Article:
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No Refund Theater’s ‘Ordinary Days’ Delights, Serenades, & Subverts Any Negative Expectations About Musicals

I can remember the first time I saw a musical in a theater: a Catholic high school production of Joseph and the Technicolor Dreamcoat. Maybe it was the fact that I was a smartass middle-schooler preternaturally disposed to hate anything my teachers dragged my class to, or maybe it was because the VeggieTales adaptation of the same Bible story was so much better, but either way, I hated what I saw in that sanctified auditorium. Ever since that fateful day, I have borne an unrequited grudge against musicals for their schlock and wanton indulgence in cliché… that is, until now.

When I wasn’t smiling like a toddler at Disney World, I tried to think of ways to describe Ordinary Days while I was watching it. I could wax English-major-lyrical until the cows come home, but a margin scrawl in my notebook summarizes it best: “Rent!… but actually good.”

Ordinary Days, directed by Penn State graduate and No Refund Theater veteran Victoria Jones, tells the story of four New Yorkers’ everyday lives, with all the rom-com-ish tropery you might expect: a couple of vague upper-middle class status comprised of Jason, a tongue-in-cheek, fast-moving romantic, and Claire, an idealist with baggage still unsettled; Deb, a high-strung and foul-mouthed academic writing what’s apparently a very stressful thesis on Virginia Woolf; and, finally, Warren, the fool with a heart of gold and no plans for the future save a desire to live the artistic New York dream.

Spelled out loud, it sounds cliché. And in some (though harmless) regards, it is. There are only so many narrative structures out there, and the minute New York gets brought into a musical, decades worth of the city’s depiction flood the audience’s heads. But Ordinary Days manages to avoid the pitfalls of preening, self-important melodrama (looking at you, Rent!) because the focus is in the mundane and human.

Almost every word in the play is sung. The performers are phenomenal, and the treat of hearing them hit so many surprising and unexpectedly thrilling notes is worth a trip to this show on its own. However, the significance of the perpetual song lies in its implicit assertion that turbulent, irritating life — not even despite its ups and downs but rather because of them — is worth celebrating.

That turbulent, irritating life unfolds across a wry twist on the classic depiction of New York City. Yes, key plot moments — involving Jason and Claire’s troubled relationship and Warren’s returning of a lost thesis manuscript to the frazzled Deb — unfold at the MET, and the sing-a-logue inevitably makes nods to NYC commonplaces (e.g., bagel, Bleeker Street). But every sung “New York” has a mocking, trilled “r.” Warren, after getting Deb’s thesis back to her, importunes a misanthropic Deb for friendship in the name of a “New York — sort of — fairytale.”

What turns Ordinary Days from good to great, though, is the genius of Jones’ direction. The show owes a colossal debt of inspiration to Woolf’s Mrs. Dalloway beyond Deb’s scholarship; the pairs of Claire & Jason and Deb & Warren orbit each other, singing about modern life’s irritations and worries, without the knowledge that their songs come together to form a beautifully immersive harmony. Jones uses the Forum Building’s lecture hall layout to her advantage, running actors up along the stair and through the rows. Jones manages an all-encompassing simultaneity, wrapping the music and the actors around the audience. She even pulls off a balcony scene with one of the higher rows that, I will admit, made my jaw drop (if you’ve read Dalloway, think Septimus Smith).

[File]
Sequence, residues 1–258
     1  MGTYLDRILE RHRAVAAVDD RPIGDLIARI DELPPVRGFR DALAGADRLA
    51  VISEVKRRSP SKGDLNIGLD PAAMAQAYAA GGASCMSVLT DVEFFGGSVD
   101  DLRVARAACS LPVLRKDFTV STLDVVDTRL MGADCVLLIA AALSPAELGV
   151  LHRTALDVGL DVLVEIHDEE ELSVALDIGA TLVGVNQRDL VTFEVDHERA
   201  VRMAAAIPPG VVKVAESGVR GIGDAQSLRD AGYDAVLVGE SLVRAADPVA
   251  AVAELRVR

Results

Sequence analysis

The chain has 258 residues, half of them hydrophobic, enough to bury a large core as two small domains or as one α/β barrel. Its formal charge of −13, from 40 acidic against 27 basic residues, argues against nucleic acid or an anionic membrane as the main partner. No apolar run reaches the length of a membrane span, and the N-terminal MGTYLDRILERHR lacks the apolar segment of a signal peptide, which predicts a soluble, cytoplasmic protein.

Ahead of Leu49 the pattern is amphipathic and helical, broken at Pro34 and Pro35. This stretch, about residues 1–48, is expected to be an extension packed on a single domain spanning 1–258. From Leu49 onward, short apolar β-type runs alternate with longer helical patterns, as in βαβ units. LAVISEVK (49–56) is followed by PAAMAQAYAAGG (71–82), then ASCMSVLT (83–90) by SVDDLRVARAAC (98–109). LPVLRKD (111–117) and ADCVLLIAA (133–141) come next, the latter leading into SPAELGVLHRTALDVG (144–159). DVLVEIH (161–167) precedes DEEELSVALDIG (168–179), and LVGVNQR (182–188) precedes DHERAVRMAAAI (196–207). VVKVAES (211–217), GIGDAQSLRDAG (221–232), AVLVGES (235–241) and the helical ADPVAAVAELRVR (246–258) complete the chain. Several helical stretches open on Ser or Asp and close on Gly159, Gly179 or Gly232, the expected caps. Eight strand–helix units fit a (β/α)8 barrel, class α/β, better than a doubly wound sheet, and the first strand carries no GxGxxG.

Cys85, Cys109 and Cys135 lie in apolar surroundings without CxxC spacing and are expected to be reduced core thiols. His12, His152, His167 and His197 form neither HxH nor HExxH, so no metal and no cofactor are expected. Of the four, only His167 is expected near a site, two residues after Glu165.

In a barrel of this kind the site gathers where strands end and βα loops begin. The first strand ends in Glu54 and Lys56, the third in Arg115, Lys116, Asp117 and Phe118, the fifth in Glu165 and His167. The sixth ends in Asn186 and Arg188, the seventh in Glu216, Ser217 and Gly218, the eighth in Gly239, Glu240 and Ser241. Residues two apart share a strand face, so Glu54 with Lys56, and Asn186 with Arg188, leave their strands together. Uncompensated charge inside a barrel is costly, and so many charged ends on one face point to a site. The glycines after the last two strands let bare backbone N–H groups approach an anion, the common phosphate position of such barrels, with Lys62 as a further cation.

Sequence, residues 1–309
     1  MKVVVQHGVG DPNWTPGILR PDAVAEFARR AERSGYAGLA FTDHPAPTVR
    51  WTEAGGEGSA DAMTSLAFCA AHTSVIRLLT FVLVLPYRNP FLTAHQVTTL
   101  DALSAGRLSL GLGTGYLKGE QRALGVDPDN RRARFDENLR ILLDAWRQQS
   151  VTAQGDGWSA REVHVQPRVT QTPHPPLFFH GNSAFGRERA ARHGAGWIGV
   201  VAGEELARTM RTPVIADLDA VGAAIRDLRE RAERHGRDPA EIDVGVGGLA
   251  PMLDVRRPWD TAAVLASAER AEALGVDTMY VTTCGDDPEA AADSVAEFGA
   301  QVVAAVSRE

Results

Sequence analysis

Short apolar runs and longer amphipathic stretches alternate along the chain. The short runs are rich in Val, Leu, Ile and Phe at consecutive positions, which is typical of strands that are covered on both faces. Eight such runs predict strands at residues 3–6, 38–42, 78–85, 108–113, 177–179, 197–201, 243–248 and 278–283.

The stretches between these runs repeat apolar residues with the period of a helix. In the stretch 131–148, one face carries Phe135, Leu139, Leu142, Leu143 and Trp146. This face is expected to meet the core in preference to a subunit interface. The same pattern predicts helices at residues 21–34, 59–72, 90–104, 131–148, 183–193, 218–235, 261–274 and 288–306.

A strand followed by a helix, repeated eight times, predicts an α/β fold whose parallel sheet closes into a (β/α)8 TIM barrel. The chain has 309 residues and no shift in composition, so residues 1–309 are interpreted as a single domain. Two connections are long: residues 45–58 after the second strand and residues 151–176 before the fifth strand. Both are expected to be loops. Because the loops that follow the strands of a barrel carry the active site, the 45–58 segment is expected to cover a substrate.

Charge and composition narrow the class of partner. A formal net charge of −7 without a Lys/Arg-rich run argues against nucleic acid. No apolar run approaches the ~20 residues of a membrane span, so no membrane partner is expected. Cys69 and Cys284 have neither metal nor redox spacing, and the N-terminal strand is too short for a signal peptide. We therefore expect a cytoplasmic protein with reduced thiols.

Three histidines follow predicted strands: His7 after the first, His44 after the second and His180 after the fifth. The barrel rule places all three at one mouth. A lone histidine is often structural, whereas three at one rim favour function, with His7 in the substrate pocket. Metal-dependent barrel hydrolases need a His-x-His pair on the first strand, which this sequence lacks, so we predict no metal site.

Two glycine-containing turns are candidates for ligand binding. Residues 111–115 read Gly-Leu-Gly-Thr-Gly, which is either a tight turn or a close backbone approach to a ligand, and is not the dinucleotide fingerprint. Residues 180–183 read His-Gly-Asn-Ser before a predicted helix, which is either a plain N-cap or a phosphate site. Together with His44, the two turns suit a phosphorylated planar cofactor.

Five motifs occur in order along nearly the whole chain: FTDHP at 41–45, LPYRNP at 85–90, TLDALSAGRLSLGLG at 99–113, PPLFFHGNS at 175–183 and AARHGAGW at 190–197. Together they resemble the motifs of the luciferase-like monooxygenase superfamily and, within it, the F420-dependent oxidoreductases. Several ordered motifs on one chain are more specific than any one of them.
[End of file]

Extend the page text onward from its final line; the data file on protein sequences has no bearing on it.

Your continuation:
Beyond the performers’ talent (honed thanks to the musical direction of Penn State junior Isabella Roll), beyond the play’s statements about the everyday and human connection, and beyond Jones’ realized directorial brilliance, what makes NRT’s Ordinary Days worth seeing above all else is that it is a fun, touching musical. The writing is smart — not smart in an overwritten way, but bitingly and, every now and then, profoundly smart. The music keeps you on your toes. The characters are likable and flawed. In short, you feel a real connection to these four people despite yourself. Which is, after all, the point: the play urges us to see beyond our visions of ourselves as acting out certain roles (our self-imagined “big pictures,” in the show’s wording) so that we may find meaning in the mundane, in the quotidian… in the ordinary days. A line from Deb sums up my experience with this show quite nicely: “It’s a little precious, but it spoke to me.”

This week is busy. You probably have a lot of work and stress that came with the crunch before spring break. And that is precisely why you must go see Ordinary Days in 111 Forum at 8 p.m. Wednesday, February 27, through Friday, March 1. Take it from a guy who used to hate musicals: Stop worrying and learn to love the song.

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About the Author

Steve Schneible

Recovering Bethlehem, PA native. English & Psych student, PSU SHC class of 2021. Paterno Fellow. Narcissism Hour Showrunner. Kalliope Fiction Coordinator. Earnest and usually good-natured milquetoast. Baby Onward State contributor. Email: [email protected] Moderately amusing Twitter account: @steve_schneibs

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